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Michael Roberts: One Man Against the Surveillance State


"I don’t know why everybody is running to buy these expensive and useless machines. I can overcome the body scanners with enough explosives to bring down a Boeing 747. That’s why we haven’t put them in our airport."

~ Rafi Sela, leading Israeli airport security expert, referring to Tel Aviv’s Ben Gurion International Airport, which has some of the toughest security in the world

Michael Roberts, a 35-year-old airline pilot from Memphis, Tennessee, is putting everything on the line for freedom. Concerned about the world his children will grow up in, this father of six young children ranging in age from 10-months to 8-years-old has pitted himself against the American surveillance state as it encroaches upon personal privacy and our constitutional freedoms.

Friday, October 15, 2010, should have been a day like any other for Roberts. While most Americans were gearing up for the end of their work week, Roberts was setting off on his work commute, which takes him from Memphis International Airport to Houston Bush Intercontinental Airport, where he flies an Embraer 145 Regional Jet as a first officer for ExpressJet Airlines. It’s a commute he knows by heart, having done it roughly once a week for 4½ years.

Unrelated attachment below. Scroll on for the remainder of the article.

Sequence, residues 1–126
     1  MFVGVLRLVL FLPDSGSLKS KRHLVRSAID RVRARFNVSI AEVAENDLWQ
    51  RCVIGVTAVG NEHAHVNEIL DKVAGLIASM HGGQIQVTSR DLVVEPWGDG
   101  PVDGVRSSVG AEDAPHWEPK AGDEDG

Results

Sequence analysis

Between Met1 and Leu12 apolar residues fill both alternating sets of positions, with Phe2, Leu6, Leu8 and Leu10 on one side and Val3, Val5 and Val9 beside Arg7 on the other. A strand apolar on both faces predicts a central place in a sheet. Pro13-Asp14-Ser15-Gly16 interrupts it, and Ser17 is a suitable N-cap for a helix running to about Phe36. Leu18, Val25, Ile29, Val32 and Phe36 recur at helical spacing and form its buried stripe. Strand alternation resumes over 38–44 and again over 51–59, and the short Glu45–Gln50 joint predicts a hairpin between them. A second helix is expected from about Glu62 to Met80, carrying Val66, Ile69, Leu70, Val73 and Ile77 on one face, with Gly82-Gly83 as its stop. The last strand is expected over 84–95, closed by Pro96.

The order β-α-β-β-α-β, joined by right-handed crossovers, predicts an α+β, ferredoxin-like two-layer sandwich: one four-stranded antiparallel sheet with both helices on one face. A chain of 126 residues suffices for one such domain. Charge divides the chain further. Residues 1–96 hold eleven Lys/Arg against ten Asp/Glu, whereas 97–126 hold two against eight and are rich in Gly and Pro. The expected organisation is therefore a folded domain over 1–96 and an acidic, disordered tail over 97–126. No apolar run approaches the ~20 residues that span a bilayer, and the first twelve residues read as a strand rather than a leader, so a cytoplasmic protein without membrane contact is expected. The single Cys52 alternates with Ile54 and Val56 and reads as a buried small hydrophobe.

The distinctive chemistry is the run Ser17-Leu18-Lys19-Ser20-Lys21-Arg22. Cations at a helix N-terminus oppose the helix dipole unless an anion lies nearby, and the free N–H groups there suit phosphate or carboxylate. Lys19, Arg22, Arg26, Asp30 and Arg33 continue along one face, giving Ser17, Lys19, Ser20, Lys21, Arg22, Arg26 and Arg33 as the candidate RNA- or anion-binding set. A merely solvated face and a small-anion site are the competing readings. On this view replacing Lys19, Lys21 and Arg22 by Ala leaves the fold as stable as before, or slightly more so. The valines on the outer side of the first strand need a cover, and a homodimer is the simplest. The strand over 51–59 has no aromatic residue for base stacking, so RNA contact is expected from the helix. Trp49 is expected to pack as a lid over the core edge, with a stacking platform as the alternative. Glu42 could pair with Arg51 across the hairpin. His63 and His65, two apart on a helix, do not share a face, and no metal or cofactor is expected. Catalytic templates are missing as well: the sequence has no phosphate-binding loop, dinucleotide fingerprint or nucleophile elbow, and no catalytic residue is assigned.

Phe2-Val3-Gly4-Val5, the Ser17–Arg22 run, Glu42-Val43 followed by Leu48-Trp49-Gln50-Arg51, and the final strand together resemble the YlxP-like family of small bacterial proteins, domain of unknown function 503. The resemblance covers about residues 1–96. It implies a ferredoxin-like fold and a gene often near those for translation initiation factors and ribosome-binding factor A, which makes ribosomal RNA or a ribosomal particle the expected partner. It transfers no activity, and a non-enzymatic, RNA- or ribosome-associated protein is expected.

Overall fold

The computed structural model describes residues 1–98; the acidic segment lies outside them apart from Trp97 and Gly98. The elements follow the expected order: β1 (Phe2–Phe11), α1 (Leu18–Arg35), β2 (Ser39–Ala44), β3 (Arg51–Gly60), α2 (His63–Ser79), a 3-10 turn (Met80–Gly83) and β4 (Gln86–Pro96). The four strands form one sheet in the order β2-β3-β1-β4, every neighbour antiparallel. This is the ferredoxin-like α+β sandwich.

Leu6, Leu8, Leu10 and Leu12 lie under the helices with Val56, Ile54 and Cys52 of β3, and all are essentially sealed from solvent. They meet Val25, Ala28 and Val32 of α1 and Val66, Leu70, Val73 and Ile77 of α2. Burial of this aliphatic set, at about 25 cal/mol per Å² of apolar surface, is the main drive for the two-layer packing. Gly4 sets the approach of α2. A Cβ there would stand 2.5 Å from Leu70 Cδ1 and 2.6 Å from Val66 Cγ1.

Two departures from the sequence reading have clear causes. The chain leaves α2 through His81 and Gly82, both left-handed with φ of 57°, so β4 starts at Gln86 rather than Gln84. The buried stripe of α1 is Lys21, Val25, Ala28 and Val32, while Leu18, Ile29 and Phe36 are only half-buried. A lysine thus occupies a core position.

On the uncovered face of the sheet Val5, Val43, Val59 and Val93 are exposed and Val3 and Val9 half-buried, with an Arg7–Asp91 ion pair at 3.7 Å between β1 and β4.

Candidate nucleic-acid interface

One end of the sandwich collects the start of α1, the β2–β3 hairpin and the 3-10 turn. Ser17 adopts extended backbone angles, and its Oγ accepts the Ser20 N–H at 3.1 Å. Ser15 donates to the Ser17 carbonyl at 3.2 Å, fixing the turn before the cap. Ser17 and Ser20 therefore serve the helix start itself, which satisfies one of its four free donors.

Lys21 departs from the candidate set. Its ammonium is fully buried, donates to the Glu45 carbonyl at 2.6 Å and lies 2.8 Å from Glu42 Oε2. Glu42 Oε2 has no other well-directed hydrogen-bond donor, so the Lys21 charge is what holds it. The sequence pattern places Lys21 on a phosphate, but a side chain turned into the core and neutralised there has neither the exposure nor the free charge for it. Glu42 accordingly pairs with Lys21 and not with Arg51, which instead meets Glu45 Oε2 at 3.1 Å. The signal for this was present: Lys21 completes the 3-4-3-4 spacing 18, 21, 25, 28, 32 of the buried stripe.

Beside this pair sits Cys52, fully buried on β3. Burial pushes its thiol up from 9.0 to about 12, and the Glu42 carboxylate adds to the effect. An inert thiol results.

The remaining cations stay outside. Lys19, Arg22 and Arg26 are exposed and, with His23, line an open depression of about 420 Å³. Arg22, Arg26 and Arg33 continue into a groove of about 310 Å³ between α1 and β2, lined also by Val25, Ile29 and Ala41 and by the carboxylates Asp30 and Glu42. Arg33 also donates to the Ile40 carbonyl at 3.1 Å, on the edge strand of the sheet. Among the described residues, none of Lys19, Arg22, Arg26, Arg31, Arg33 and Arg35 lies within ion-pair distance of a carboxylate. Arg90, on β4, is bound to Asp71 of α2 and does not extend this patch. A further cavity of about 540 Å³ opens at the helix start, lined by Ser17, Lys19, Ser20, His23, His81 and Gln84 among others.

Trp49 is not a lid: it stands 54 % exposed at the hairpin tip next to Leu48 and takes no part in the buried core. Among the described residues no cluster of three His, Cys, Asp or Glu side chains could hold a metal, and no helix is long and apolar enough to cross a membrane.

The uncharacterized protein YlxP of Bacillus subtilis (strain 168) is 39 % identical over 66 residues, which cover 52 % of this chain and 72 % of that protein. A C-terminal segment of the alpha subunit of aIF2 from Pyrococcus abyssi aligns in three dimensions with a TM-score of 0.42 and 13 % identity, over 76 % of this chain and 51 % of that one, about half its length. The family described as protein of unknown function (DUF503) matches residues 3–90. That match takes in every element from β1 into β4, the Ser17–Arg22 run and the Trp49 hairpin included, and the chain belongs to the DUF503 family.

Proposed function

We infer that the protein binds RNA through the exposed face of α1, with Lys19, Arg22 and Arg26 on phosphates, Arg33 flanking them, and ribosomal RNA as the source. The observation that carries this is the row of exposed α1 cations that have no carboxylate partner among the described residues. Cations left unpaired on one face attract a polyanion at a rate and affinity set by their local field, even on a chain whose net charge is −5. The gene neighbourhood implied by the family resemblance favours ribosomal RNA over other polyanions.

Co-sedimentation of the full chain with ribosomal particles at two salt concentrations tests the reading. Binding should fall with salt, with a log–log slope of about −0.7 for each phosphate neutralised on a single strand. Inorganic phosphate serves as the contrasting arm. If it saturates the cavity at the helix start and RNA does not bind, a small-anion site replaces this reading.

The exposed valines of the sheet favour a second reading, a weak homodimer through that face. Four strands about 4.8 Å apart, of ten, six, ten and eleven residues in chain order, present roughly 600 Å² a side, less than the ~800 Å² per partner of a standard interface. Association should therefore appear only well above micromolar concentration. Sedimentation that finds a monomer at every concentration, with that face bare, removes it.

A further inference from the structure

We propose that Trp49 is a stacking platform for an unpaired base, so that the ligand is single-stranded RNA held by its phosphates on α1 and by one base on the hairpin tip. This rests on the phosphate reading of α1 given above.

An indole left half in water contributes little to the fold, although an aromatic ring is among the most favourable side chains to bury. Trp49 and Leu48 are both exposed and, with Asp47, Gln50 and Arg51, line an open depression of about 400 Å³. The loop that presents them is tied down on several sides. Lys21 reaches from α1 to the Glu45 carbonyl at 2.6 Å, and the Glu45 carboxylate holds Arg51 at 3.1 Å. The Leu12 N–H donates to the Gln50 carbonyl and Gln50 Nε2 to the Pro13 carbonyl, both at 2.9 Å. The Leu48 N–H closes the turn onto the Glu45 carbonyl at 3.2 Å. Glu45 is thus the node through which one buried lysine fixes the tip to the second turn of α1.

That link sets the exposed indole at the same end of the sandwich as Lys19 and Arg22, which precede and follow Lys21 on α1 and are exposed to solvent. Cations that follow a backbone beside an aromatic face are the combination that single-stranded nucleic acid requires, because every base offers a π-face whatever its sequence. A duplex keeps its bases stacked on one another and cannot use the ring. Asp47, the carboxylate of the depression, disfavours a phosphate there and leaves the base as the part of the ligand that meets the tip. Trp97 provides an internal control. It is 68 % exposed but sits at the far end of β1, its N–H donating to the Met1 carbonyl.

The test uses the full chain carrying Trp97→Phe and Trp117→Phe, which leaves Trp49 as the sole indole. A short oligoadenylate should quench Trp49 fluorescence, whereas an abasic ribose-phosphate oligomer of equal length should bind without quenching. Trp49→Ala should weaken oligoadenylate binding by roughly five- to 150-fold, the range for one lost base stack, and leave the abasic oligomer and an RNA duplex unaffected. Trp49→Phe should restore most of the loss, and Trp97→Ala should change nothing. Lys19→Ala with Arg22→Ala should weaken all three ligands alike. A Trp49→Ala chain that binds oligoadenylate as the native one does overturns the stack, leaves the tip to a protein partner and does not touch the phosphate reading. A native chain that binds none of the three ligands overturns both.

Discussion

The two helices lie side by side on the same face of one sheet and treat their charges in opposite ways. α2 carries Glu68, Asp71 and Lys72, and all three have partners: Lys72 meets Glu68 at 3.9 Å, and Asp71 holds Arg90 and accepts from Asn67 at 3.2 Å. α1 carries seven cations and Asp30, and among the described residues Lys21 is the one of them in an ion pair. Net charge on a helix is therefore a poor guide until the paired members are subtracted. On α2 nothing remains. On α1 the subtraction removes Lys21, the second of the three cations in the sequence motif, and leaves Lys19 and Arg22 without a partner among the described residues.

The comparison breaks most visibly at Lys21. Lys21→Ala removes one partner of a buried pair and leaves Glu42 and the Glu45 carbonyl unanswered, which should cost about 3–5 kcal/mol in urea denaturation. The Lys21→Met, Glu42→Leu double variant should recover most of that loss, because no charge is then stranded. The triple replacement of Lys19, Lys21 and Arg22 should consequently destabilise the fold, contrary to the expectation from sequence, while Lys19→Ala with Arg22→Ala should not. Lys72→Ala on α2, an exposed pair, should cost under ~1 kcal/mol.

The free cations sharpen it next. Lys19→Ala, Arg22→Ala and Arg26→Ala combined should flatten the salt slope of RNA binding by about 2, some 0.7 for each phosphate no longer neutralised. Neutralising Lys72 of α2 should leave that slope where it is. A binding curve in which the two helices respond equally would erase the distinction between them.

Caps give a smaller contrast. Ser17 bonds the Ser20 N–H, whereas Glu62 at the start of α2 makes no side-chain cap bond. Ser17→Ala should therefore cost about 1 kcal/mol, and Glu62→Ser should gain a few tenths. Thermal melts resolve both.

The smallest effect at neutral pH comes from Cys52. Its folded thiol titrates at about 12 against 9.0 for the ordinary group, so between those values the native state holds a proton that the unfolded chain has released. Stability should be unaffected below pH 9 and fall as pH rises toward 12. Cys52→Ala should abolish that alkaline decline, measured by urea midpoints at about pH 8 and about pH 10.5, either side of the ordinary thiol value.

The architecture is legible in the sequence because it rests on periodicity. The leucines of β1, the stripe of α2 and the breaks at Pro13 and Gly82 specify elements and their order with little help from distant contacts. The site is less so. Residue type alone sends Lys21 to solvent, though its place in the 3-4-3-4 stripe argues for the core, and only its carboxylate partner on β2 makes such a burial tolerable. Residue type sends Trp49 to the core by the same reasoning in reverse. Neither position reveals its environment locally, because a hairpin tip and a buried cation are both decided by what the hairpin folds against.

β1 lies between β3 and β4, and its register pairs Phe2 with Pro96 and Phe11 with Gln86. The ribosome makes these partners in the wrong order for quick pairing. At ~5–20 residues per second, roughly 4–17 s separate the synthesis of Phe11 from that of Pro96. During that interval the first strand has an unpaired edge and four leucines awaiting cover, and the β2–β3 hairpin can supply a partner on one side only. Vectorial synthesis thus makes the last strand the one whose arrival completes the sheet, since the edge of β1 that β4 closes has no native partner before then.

Unfortunately, Roberts never made it to work that day or any day since. In fact, he never made it past the security line at the Memphis airport, which had begun using one of the new Advanced Imaging Technology full-body scanners that are currently being deployed at airports across the nation. Using either x-ray radiation or radio waves, full-body scanners can "see" through clothing to produce images of an individual’s unclothed body, although they are unable to reveal material concealed in body cavities. Critics have likened the scans to "virtual strip searches" because of the degree to which details of the body are revealed. Indeed, the ACLU has urged Congress to prohibit this technology being used in airport screening, arguing that "[p]assengers expect privacy underneath their clothing and should not be required to display highly personal details of their bodies – such as evidence of mastectomies, colostomy appliances, penile implants, catheter tubes, and the size of their breasts or genitals – as a prerequisite to boarding a plane."

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